From France to Harlem…Sheila Bridges Toile De Jouy


 

Though toile is said to have been produced in Ireland in the mid-18th century, research pins its earlier origins to France in the 1760′s. Also known as ‘ toile de jouy ’ which in French means, “cloth from Jouy-en-Josas” after a town in the south-west suburbs of Paris, its style of print is characterized by vignettes scattered over a white or off-white cotton background in a type of repeated pattern depicting a fairly complex scene generally of a pastoral theme. But more recently, the single colored palate [most often black, dark red, or blue] has given life to another scene. Harlem, NYC.

 

J&O toile fabric

Popular during the Colonial Era in the United States, toile is highly associated with preservationist towns and historical areas such as Colonial Williamsburg. American toiles were distinctive for their use of American themes, and included vignettes celebrating a variety of places and people, such as the American Revolution, Betsy Ross, Benjamin Franklin and Tom Sawyer. Toile prints were also the perfect medium for spreading not only populist themes, but political messages and recording historic events in both America and Europea as well. In upper-class European society, toile was often seen on dresses, wallpaper, or aprons used at such events as country-themed garden parties or tea parties. In some societies, it still is.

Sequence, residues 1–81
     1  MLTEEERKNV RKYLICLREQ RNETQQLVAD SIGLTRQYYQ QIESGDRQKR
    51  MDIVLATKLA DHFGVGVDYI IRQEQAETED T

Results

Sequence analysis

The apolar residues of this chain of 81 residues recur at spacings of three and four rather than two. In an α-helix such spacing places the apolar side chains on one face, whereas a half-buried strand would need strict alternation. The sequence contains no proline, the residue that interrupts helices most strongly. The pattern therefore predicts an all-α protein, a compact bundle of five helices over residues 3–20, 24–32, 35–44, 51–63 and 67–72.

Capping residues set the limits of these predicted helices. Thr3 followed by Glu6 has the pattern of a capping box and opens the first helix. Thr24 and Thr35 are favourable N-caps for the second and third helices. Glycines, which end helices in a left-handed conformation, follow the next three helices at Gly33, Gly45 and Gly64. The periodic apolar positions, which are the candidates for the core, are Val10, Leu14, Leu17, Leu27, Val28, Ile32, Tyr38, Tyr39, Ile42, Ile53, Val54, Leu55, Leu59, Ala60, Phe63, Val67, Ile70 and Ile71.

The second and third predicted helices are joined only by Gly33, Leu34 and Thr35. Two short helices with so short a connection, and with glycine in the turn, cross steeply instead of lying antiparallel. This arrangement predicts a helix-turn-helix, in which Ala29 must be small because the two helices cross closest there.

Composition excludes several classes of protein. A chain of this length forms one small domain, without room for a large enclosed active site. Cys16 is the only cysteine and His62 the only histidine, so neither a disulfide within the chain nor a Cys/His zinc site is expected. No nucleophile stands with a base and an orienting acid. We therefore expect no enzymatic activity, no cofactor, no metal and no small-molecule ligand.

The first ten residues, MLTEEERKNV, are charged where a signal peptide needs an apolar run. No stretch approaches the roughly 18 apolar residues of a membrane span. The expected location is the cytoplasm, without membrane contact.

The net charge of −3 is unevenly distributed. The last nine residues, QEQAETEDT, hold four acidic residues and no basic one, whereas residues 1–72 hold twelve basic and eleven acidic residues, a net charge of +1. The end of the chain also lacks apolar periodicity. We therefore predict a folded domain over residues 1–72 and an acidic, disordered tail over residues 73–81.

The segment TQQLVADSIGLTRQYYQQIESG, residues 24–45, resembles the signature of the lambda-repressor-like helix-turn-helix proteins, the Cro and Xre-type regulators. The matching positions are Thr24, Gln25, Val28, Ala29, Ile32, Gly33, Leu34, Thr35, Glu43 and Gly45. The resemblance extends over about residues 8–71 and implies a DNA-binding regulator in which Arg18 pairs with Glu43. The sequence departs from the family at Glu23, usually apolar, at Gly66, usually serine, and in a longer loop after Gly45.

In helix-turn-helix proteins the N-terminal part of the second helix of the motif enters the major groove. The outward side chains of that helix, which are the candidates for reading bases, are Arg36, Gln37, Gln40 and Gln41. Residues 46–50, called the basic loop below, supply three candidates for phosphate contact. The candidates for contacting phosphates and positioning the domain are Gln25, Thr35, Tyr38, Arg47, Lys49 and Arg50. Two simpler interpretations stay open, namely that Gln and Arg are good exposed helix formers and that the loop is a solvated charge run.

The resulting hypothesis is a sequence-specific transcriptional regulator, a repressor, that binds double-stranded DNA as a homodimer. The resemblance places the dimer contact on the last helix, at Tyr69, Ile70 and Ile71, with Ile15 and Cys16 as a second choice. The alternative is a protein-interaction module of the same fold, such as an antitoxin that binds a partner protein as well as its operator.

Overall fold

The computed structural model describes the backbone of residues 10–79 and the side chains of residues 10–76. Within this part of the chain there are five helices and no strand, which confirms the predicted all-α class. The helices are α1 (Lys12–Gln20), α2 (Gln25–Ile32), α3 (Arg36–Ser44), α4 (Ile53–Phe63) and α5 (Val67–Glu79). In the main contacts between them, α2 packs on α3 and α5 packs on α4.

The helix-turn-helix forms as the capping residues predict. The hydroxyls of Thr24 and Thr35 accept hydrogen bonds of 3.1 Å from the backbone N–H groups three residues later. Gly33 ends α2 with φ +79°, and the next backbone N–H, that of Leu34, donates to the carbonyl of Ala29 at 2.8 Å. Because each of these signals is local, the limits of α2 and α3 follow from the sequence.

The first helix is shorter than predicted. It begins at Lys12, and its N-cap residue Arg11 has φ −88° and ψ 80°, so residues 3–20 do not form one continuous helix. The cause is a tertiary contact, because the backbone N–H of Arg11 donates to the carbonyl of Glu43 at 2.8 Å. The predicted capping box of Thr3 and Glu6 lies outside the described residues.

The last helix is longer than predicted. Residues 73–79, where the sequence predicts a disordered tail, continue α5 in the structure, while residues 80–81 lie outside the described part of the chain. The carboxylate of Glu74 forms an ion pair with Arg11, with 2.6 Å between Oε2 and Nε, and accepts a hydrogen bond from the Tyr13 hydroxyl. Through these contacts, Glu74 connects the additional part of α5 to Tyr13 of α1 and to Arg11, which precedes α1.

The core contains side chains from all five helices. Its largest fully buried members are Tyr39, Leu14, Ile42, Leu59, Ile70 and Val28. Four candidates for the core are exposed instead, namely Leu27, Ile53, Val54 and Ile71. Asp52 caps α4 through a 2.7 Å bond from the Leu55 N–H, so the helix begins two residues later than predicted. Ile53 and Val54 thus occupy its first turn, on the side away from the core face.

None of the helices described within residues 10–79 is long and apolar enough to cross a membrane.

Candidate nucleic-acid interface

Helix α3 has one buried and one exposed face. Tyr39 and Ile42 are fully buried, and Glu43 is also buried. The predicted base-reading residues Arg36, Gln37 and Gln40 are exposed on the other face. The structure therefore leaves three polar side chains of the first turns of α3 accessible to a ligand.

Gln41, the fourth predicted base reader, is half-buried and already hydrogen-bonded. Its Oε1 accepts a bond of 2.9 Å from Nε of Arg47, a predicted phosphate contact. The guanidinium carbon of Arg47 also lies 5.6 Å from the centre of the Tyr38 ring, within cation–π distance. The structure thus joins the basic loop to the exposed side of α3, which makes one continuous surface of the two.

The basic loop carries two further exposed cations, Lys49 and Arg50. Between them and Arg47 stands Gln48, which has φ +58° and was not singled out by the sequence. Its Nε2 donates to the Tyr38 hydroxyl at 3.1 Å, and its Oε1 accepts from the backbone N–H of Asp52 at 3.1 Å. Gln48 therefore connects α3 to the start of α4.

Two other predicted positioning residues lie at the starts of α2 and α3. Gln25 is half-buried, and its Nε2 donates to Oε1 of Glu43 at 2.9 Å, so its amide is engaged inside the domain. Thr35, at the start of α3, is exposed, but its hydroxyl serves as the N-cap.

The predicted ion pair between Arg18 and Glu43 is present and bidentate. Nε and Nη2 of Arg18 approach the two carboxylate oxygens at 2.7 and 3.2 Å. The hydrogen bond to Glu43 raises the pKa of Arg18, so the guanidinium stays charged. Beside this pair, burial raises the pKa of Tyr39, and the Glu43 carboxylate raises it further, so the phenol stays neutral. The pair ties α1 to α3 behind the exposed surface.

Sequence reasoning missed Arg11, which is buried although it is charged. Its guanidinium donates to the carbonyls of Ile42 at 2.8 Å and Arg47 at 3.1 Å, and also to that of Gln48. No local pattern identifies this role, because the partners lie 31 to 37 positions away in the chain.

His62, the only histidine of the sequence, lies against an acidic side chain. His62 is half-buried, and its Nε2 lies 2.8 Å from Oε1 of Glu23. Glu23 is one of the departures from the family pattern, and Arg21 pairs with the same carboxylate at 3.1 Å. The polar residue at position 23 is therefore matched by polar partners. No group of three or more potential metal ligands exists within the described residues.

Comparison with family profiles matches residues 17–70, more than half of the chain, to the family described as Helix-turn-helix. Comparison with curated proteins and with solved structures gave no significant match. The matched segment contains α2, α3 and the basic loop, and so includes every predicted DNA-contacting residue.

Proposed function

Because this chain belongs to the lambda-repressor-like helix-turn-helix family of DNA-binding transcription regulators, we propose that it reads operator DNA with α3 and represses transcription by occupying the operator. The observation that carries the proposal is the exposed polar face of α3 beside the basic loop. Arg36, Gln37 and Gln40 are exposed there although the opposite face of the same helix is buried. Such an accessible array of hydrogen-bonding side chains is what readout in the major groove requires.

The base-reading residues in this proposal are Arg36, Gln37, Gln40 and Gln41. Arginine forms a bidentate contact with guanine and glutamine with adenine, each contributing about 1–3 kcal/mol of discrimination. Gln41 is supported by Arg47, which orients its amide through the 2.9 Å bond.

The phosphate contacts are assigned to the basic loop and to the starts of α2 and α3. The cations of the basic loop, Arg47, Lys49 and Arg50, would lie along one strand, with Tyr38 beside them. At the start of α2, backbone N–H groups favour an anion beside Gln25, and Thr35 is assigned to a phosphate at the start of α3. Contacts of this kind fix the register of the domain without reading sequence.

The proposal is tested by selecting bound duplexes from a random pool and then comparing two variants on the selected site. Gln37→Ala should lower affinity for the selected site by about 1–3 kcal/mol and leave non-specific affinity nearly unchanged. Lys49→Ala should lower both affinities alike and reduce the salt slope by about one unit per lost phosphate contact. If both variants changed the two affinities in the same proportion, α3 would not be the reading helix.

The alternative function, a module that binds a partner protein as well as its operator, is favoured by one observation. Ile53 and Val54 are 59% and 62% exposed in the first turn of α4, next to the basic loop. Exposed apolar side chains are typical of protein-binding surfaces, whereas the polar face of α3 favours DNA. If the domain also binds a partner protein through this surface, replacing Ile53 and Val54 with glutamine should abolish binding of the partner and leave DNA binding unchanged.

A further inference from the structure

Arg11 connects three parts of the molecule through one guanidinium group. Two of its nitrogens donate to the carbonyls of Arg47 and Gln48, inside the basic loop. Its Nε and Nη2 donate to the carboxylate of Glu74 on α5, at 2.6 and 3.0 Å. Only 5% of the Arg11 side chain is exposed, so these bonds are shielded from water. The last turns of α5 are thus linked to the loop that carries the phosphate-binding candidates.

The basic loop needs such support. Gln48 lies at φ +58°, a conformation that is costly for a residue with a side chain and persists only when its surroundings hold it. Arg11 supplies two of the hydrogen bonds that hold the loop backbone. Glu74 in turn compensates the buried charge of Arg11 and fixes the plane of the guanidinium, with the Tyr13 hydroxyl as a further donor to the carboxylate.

sheila bridges harlem toile

Sheila Bridges Harlem Toile de Jouy

 

Toile has also made its way to the runways over the years offering a vintage flair to a modern design and telling its own little story within its detailed artistry. Fast-forward to modern-day Harlem where one such story has been shared by notable Harlem designer Sheila Bridges through her Harlem Toile Collection which lampoons some of the stereotypes deeply woven into the African American experience there. Born out of a desire to see stories of her own people depicted in the tradition of the toile de jouy of the 18th Century, Sheila decided to honor the richness of the Harlem Renaissance and beyond through imagery on bedding, wallcovering, umbrellas and clothing. Featured in the Musee De La Toile De Joy in Jouy-en France as well as several art museums in NY, Sheila has put the history of Harlem on the map, tied present with past, and breathed new life into an old Century design.

 

Drawn to the design of toile de jouy fabric yourself?

Check out some toile inspired creations below to spark a creativity all your own.

Reupholstered Harlem Toile Chair

 

toile pillow throw set

Toile Pillow and Sheeting

 

Toile apron

 

DIY  pot folder

 

Toile bag and sneakers

toile divider

Toile Divider

 

 

Check out J&O Toile fabric here

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